Two hundred years ago, a girl was born into the Oromo tribe. At a time when men ruled the world and young women had no authority whatsoever, Hawecha gradually rose to a position of unprecedented leadership and power becoming the most famous prophetess of the Oromo people.
High cheekbones, long nose, wavy soft silken hair and a scarf rustling in the wind. Goats bleat, some grazing on the tough underbrush while others lay under the shade of thicket, sheltered from the noonday sun. A typical Oromo woman looking after goats in the vast expanse of what would later be the Ethiopian-Kenyan border; this might have been Hawecha, had she not risen up the ranks to become one of the first women leaders in her largely patriarchal community. Women were there to be seen and not to be heard.
Like any other Oromo girl, two hundred years ago, Hawecha was born into a perhaps small Oromo family. Her father, was of the Gono half of the Oromo tribe and she, as tradition dictated, would be married into the Sabba half of the Oromo tribe. She was raised by her mother, since her father died early in her childhood. She also had a baby sister, Dhaki who died while young, robbing her mother and she, of happiness.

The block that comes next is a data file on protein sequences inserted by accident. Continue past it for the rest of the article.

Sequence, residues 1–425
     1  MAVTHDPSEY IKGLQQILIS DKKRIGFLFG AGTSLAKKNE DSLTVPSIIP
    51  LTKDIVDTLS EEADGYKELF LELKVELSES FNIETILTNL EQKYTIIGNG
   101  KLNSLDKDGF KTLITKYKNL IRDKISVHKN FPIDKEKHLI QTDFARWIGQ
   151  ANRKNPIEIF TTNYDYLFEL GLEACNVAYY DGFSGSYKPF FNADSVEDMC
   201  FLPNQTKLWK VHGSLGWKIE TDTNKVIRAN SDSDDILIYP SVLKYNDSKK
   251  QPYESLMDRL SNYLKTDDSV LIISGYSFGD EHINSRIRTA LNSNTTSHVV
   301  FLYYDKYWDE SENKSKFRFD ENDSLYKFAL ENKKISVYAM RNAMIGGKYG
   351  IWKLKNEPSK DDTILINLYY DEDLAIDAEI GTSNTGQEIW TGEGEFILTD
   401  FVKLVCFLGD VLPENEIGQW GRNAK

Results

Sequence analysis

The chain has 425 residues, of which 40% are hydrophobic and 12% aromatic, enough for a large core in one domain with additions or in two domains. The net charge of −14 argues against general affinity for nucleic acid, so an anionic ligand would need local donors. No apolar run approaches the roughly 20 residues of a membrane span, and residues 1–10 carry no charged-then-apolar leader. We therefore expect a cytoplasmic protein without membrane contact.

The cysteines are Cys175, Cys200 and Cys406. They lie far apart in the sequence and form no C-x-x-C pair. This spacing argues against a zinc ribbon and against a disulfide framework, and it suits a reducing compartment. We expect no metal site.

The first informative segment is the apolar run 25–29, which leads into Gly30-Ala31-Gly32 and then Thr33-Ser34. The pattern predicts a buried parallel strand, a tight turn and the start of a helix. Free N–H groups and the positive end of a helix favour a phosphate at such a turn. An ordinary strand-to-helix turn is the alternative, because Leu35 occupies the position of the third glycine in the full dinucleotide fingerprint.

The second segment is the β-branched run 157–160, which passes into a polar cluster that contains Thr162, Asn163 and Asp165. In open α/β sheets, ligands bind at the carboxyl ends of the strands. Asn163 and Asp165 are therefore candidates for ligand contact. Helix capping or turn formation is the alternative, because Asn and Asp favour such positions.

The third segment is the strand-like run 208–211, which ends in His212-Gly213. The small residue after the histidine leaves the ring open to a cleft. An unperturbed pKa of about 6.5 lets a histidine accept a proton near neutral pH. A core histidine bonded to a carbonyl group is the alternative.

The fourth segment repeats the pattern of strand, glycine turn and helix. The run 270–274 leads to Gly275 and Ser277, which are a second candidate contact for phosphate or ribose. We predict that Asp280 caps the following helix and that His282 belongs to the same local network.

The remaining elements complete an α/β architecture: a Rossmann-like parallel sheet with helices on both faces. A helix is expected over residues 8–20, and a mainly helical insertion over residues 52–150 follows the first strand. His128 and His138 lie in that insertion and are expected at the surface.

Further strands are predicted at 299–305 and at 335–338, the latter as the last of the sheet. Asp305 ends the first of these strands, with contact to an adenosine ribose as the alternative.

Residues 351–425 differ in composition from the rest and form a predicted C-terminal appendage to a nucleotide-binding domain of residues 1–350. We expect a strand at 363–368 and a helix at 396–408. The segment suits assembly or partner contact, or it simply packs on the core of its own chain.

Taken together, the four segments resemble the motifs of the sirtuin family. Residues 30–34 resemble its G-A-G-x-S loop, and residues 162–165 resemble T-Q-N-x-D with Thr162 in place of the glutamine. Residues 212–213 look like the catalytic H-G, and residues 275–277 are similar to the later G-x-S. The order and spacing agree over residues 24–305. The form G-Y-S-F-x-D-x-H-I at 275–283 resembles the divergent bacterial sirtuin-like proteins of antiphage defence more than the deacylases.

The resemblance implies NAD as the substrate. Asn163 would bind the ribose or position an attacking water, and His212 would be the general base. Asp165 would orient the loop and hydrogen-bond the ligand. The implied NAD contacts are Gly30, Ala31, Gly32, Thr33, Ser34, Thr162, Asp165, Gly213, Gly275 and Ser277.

Her nickname was ‘the dreamer’ among the villagers. Unbeknownst to them, this lanky little girl would someday dream dreams of the future, a prophetess, living up to her very name. At the age of eighteen as was customary, her uncle found her a suitor to marry. Juldess was his name. Her marriage did not last long nevertheless, because her husband had eyes for other women.
Among her prophecies, which came in the form of dreams, was one of disease and another one of drought and famine. That was not all; Hawecha also saved her people from war and devastation and death. Hawecha became the greatest prophetess among the Oromo and is remembered through their oral history. Passed down generations by word of mouth and making for great stories that are told at the hearth of the fireplace by Oromo folk. In her memory, the first school in Marsabit was named after her. The Catholic Mission built it in 1986 and draws from her life as inspiration-Hawecha Primary School.
Hawecha was able to predict a famine. Today, climate scientists warn us that climate change will mean more droughts and more floods. When food crops can’t grow, there might be famine. We need to prepare for climate change by growing a variety of different crops, including traditional food crops. We must leave forests to grow on hills and steep slopes, and protect the banks of rivers and lake